M. Chantal himself has retired during our year here, turning deliveries at least over to his daughter, Mademoiselle Chantal, a lovely smiling young woman in her twenties. In one of our early chats with M. Chantal, we learned that he hoped to travel to the United States in retirement—to see the Rocky Mountains, he said—and we’ve been wondering if he’s on his way to Colorado now. This, as we gaze at the Pyrénées white-caps an hour to the south. Like these mountains, bread, too, has its cousins across the sea. And we discover that this desire—to go, to see, to adventure in the world where the unfamiliar becomes familiar—is a shared desire. A simple bread, different and sometimes better.

In the nearby villages, the bread baking is often an event, a community gathering with lines out the doors of the boulangeries. When we visit La Couvertoirade, a beautifully preserved bastide village in a remote corner of the Aveyron, we see the communal ovens such as once existed in every town. In the Middle Ages, citizens paid a tax for which everyone gained the right to bake their daily loaves. As we wait with the others for Sunday loaves to emerge from the heat, the community of the event—the sharing and visiting of the people—seems as important as the sustenance of the bread itself. Is not that too a kind of daily bread?

As a treat, I buy “American” bread for James and Isabelle at the Intermarché supermarket. The brand is “Sam’s,” but, despite the name, it’s actually French cereal bread baked in the regulation rectangle and pre-sliced. True “American bread” tastes like paste compared to this bread, rich and nutty and fresh. With a little Nutella and fresh kiwi jam from the abbey, this sandwich makes more than a complete meal. Even plain, Sam’s surpasses Uncle Sam’s. Why is this bread so much better?

I read the label. Seven kinds of farine (flour), plus fiber, water, grains, and some of the usual suspects, including ascorbic acid, diglycerides, and sirop de glutcose-fructose. In my research, however, I find these differences. Bread flour in France is rarely bleached. Flour used in the U.S. has a higher gluten level. Potassium bromate, which U.S. bakers use to strengthen bread, is banned in the European Union. French bread is legally controlled and may not contain anything but flour, water, yeast and salt. Traditionally, it should be baked on a hearth. It doesn’t keep for more than a day. Sam’s, I suspect, is not cooked on a hearth, certainly not in an official boulangerie, so maybe it is the flour or the water that make it so good. I used to know a very old New York bagel shop owner who swore that New York bagels get their wonderful flavor from New York City water. “You can’t get New York bagels anywhere but New York!” he’d shout. Maybe you can’t get French bread anywhere but France because of the wheat grown here on the hillsides all around us in the Haute Garonne. Maybe it’s the soil or the air. Maybe it’s just that Frenchmen have appreciated bread for a very long time.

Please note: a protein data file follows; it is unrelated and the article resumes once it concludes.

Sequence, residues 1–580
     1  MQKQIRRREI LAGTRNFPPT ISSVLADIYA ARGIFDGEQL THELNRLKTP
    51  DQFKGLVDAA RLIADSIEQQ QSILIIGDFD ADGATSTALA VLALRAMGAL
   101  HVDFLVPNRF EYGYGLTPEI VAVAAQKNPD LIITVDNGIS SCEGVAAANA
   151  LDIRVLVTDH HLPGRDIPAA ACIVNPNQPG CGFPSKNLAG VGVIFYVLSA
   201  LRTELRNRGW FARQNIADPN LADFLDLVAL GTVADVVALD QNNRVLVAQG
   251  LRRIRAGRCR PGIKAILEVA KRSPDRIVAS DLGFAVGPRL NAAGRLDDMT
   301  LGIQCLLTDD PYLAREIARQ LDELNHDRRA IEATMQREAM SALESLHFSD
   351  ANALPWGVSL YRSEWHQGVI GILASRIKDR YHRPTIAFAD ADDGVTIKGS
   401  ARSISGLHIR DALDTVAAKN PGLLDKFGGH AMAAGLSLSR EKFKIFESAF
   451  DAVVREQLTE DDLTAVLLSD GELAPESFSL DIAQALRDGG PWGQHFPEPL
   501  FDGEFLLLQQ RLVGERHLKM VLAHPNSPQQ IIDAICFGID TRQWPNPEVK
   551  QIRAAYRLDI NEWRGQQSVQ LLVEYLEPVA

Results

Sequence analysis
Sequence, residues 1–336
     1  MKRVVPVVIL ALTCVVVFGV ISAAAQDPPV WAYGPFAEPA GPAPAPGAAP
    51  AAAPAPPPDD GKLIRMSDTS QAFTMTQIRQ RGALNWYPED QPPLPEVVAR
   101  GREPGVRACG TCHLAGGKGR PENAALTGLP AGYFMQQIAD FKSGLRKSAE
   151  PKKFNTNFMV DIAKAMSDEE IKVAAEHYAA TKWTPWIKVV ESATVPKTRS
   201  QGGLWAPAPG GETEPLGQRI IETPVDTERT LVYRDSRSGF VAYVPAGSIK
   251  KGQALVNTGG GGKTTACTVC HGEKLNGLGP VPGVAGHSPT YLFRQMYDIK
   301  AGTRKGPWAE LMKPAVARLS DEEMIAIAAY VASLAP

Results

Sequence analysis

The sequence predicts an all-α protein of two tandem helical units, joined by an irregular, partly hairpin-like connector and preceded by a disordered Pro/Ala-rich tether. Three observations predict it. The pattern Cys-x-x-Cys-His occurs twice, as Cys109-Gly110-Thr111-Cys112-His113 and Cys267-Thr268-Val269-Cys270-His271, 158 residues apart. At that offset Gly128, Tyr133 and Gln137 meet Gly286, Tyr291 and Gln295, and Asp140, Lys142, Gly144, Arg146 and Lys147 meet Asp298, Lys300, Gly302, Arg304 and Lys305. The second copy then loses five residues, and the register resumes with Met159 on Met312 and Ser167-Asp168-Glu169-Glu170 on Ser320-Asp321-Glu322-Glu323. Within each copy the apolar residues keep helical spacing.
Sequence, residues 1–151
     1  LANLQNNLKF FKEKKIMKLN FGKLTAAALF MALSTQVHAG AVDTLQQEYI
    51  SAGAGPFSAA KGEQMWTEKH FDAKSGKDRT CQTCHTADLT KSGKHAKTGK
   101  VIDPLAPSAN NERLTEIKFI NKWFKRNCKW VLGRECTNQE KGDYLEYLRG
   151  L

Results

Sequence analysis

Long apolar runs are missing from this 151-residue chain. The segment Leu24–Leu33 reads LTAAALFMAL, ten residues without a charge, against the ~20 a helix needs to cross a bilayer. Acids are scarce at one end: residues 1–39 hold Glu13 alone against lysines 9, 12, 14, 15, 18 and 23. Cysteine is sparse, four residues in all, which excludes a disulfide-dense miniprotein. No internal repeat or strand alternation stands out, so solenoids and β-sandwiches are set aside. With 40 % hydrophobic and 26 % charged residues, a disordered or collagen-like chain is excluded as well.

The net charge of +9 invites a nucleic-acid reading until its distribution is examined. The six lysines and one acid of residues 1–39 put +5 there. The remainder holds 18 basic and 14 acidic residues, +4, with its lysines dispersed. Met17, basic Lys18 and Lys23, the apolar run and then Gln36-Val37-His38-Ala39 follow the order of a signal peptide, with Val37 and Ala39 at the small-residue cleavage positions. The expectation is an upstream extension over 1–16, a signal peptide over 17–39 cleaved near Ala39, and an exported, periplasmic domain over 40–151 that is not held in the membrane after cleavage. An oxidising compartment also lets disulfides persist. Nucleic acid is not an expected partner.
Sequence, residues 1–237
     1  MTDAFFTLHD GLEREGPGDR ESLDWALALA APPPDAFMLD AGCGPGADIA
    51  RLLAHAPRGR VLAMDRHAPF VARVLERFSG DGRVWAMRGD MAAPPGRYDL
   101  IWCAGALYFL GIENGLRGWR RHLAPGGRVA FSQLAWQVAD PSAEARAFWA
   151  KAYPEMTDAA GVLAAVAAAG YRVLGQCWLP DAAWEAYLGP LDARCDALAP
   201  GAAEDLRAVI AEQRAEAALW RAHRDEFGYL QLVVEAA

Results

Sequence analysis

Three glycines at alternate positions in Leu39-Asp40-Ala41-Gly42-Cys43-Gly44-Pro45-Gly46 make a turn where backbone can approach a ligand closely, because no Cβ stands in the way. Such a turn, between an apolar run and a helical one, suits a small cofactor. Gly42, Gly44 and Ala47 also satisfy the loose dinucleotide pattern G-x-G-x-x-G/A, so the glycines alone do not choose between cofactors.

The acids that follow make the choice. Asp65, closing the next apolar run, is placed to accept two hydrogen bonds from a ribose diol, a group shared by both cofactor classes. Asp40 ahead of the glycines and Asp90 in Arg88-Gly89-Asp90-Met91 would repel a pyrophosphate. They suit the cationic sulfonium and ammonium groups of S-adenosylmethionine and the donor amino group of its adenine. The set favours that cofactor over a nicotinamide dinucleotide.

At the Grottes de Gargas, we see hundreds of images of hands printed on the walls from the Stone Age, and it comes as no surprise to learn that these same hands might have worked the first breads. Neolithic peoples baked bread in this same part of the world before 10,000 BC. Bread—the stuff of life, the symbol of our only real necessity this day—was born here, raised on the very yeasts in the air, and has been perfected and become essential to everyday life over the 12,000 years since. Every culture has a bread that is born of its own history and land, and the bread in a contemporary culture reflects not only that history, but some of the modern values of that culture.

When I think about the relationship of Americans to bread, what seems different is that we have forgotten to appreciate bread. We have neglected the simplicity of this one essential need. We want more and more and more. We live in excess, like the bread shelf at the Safeway supermarket. We do not have time to stop for daily bread, much less bake it ourselves. Can you imagine Americans lined up and waiting for a loaf of bread fresh from the oven? We do not want to wait for our bread to be baked, but we expect our bread to wait—preserved with whatever additives are available—for us. We have valued the new, the next thing, that which might make life more efficient, faster, or better, and in our rush and cry and looking always so far ahead, we have lost something very simple and essential to a healthy life. This day, this bread.

It is not that the French are a simple people—far from it. This a land that values complexity, theory, thought and philosophy. Consider Sartre, Montagne, Irigaray and de Beauvoir. Nor is the difference that the French are not busy, hurrying from home to work and school just as contemporary Americans do. The difference, it seems to me, is one of priorities. And bread is a good example of this.